Viktor Frankl (1905–1997): Austrian psychiatrist, neurologist, psychologist, founder of logotherapy and existential analysis. Frankl’s work is centered around the question of meaning. After first interests in Freud’s psychoanalysis, in 1924 he joined Alfred Adler’ Society for Individual Psychology. In 1927 he was excluded on account of “deviating thoughts,” influenced by Max Scheler’s philosophical anthropology on which he later based his logotherapy (therapy through finding meaning). During World War II, Frankl worked as a psychiatrist at the Rothschild hospital. Although he was granted an exit visa to the United States, he stayed in Austria in order to protect his Jewish parents. In 1942 he and his family were nevertheless deported to concentration camps. For him, the two and a half years in the concentration camp were an experimental confirmation of the “survival value” of the question of meaning.
From 1945 to 1970 Frankl headed the neurological department of the Vienna policlinic and wrote his main theoretical works. The invitation of Gordon Allport to Harvard (1961) was followed by further guest lectures at 208 universities around the world. He was Distinguished Professor for Logotherapy at the United States International University in San Diego. Frankl received 28 honorary doctorates and many other important awards. His 31 books were published in 24 languages. Frankl lectured until 1996.
Frankl’s books include The Doctor and the Soul, From Psychotherapy to Logotherapy, Man’s Search for Meaning: An Introduction to Logotherapy, and Psychotherapy and Existentialism: Selected Papers on Logotherapy. In addition to these works, much has been written about Frankl including Längle’s Viktor Frankl: A Portrait and Längle and Sykes’ “Viktor Frankl – Advocate for humanity: On his 100th birthday” in the Journal of Humanistic Psychology.
Frankl originally understood existential analysis and logotherapy as a complement to any psychotherapy in order to overcome its reductionist tendencies (that is, as an anthropological corrective to psychologism). By making reference to the philosophical anthropology of Max Scheler, Frankl intended to “rehumanize” psychotherapy by working explicitly with the “spiritual dimension,” which consists in the capacity of deciding, taking over responsibility and finding meaning. As a “spiritual being,” the primary aim of the human is not lust (Freud) or power (Adler), but an understanding of his existence (especially in suffering) for being able to realize oneself as a free person. The “will to meaning” is considered the primary motivational power. Existential analysis/logotherapy offers by its philosophical foundation an anthropological concept and methods for prevention and therapy. The paradoxical intention (playful, humorous wish of the feared) in the treatment of fear and the dereflexion (concentrating on meaning instead of thinking about wished goals, applied mainly in sexual disorders) are among the most well-known techniques. The phenomenological approach of existential analysis was methodically enhanced by the development of personal existential analysis (Längle). The lack of methods in logotherapy was ultimately balanced out by developments of Uwe Böschmeyer, Elisabeth Lukas and Alfried Längle.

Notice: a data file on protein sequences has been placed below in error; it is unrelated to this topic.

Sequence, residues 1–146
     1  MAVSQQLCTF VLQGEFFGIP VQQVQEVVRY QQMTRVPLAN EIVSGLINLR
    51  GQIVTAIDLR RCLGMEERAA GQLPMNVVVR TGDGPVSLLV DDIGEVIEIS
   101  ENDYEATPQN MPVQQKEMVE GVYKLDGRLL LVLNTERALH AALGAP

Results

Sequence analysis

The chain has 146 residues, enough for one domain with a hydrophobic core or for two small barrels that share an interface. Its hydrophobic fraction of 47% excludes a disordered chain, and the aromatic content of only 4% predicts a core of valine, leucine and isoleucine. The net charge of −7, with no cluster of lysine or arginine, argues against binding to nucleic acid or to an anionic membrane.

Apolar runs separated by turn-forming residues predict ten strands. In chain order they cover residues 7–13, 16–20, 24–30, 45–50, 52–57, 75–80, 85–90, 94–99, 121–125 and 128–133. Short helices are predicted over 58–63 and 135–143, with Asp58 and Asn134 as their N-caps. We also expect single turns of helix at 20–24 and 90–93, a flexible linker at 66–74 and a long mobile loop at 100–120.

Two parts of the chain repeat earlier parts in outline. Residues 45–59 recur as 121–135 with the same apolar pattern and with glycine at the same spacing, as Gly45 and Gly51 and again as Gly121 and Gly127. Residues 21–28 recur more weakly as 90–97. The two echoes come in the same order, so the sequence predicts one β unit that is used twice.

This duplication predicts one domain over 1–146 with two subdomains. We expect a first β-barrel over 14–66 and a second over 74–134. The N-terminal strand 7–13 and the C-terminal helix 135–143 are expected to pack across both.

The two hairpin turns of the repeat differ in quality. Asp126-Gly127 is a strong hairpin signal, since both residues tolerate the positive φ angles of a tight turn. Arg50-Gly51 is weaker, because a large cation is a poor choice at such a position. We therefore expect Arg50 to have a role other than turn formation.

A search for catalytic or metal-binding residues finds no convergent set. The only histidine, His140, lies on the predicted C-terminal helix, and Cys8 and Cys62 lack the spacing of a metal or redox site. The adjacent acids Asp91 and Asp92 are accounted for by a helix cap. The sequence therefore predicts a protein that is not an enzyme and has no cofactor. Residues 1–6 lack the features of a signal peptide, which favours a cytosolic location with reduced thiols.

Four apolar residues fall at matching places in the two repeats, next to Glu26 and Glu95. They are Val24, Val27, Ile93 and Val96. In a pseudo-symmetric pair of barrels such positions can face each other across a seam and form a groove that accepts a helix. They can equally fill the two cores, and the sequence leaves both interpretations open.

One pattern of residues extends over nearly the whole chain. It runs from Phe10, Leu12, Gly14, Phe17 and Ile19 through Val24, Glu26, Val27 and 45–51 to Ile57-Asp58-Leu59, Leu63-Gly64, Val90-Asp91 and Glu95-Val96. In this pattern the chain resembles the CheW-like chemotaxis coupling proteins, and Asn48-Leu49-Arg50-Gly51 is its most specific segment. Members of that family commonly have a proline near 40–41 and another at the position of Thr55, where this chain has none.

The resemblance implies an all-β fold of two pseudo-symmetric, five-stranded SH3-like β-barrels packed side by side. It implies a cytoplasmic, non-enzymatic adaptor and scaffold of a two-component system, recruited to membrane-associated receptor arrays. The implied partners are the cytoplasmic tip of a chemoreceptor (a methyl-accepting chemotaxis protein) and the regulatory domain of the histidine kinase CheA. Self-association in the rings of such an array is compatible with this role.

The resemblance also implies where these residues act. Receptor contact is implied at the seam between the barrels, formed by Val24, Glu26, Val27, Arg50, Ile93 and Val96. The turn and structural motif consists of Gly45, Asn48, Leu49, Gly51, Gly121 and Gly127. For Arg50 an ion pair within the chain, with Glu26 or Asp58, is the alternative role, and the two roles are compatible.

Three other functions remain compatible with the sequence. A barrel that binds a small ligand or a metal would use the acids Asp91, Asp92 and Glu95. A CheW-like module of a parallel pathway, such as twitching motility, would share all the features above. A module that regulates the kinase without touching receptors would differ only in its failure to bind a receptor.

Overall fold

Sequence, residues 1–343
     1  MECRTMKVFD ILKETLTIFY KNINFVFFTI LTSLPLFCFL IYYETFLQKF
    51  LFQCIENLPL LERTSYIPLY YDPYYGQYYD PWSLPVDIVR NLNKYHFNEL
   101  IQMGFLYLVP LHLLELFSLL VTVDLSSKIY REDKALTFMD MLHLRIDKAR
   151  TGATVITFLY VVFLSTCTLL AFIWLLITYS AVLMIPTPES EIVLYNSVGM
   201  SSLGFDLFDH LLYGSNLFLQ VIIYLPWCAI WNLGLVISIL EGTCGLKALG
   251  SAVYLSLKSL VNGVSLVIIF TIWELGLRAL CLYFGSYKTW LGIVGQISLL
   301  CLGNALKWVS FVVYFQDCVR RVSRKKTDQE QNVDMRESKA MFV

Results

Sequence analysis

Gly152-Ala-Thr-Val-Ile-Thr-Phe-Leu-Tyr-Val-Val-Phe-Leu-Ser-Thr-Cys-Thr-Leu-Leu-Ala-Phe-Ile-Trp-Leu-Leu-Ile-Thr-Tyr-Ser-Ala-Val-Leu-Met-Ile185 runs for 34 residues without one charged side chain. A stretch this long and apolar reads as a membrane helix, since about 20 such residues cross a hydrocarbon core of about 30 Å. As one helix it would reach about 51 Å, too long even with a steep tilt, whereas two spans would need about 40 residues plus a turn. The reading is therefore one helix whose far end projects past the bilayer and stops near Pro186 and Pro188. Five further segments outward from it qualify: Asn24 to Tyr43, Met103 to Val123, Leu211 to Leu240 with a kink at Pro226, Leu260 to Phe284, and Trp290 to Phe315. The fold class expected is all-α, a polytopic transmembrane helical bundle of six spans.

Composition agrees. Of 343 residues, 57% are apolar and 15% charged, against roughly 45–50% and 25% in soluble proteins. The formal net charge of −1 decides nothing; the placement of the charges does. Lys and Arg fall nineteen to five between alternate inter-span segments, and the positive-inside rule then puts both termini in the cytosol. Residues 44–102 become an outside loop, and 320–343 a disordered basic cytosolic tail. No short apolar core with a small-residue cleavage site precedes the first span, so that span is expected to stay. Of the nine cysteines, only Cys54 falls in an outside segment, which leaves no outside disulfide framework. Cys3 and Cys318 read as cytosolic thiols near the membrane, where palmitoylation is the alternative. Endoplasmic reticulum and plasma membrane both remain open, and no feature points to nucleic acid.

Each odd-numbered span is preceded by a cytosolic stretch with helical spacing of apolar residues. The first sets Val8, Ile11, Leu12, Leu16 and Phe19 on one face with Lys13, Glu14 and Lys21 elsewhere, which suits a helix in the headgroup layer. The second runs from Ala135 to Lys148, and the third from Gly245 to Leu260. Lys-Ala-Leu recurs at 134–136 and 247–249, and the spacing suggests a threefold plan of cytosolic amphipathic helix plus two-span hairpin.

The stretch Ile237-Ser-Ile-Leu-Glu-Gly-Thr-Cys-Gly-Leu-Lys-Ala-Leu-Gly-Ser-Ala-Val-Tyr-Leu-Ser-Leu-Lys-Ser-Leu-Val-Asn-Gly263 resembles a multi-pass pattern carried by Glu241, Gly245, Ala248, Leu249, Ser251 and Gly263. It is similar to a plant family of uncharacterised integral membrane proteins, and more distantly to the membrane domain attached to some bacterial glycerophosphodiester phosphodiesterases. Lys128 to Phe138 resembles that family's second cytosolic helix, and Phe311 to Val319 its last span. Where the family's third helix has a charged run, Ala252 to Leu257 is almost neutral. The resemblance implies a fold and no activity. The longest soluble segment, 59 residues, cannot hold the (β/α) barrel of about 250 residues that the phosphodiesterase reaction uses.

SEE ALSO: ▸ Existential psychology ▸ Meaning ▸ Personal responsibility
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